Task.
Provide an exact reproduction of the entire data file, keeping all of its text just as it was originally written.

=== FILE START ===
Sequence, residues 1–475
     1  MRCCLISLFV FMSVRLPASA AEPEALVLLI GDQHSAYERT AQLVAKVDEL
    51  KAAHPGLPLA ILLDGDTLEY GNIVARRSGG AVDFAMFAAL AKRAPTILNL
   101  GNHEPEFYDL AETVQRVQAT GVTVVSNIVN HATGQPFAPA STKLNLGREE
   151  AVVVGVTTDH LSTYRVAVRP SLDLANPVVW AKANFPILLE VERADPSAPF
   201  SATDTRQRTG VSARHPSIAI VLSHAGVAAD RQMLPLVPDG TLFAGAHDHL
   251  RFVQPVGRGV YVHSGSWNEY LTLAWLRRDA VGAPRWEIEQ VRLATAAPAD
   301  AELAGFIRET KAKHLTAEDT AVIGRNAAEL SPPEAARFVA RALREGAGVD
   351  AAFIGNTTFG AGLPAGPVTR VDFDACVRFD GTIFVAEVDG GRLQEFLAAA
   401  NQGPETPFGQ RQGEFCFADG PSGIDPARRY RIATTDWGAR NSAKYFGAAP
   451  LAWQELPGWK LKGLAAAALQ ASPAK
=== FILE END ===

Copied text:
Sequence, residues 1–475
     1  MRCCLISLFV FMSVRLPASA AEPEALVLLI GDQHSAYERT AQLVAKVDEL
    51  KAAHPGLPLA ILLDGDTLEY GNIVARRSGG AVDFAMFAAL AKRAPTILNL
   101  GNHEPEFYDL AETVQRVQAT GVTVVSNIVN HATGQPFAPA STKLNLGREE
   151  AVVVGVTTDH LSTYRVAVRP SLDLANPVVW AKANFPILLE VERADPSAPF
   201  SATDTRQRTG VSARHPSIAI VLSHAGVAAD RQMLPLVPDG TLFAGAHDHL
   251  RFVQPVGRGV YVHSGSWNEY LTLAWLRRDA VGAPRWEIEQ VRLATAAPAD
   301  AELAGFIRET KAKHLTAEDT AVIGRNAAEL SPPEAARFVA RALREGAGVD
   351  AAFIGNTTFG AGLPAGPVTR VDFDACVRFD GTIFVAEVDG GRLQEFLAAA
   401  NQGPETPFGQ RQGEFCFADG PSGIDPARRY RIATTDWGAR NSAKYFGAAP
   451  LAWQELPGWK LKGLAAAALQ ASPAK